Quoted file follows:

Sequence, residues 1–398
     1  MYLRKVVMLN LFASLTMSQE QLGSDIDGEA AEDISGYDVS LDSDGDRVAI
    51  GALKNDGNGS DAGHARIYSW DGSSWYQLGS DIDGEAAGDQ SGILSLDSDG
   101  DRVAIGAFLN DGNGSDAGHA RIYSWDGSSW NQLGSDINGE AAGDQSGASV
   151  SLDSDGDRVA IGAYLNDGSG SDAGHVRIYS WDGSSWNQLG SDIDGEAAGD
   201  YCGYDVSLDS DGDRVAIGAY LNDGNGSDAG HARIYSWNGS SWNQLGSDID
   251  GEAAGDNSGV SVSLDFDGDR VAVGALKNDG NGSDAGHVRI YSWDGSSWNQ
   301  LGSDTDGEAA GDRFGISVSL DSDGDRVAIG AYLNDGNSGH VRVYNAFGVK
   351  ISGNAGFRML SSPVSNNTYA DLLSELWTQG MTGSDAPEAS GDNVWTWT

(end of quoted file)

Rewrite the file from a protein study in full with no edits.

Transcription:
Sequence, residues 1–398
     1  MYLRKVVMLN LFASLTMSQE QLGSDIDGEA AEDISGYDVS LDSDGDRVAI
    51  GALKNDGNGS DAGHARIYSW DGSSWYQLGS DIDGEAAGDQ SGILSLDSDG
   101  DRVAIGAFLN DGNGSDAGHA RIYSWDGSSW NQLGSDINGE AAGDQSGASV
   151  SLDSDGDRVA IGAYLNDGSG SDAGHVRIYS WDGSSWNQLG SDIDGEAAGD
   201  YCGYDVSLDS DGDRVAIGAY LNDGNGSDAG HARIYSWNGS SWNQLGSDID
   251  GEAAGDNSGV SVSLDFDGDR VAVGALKNDG NGSDAGHVRI YSWDGSSWNQ
   301  LGSDTDGEAA GDRFGISVSL DSDGDRVAIG AYLNDGNSGH VRVYNAFGVK
   351  ISGNAGFRML SSPVSNNTYA DLLSELWTQG MTGSDAPEAS GDNVWTWT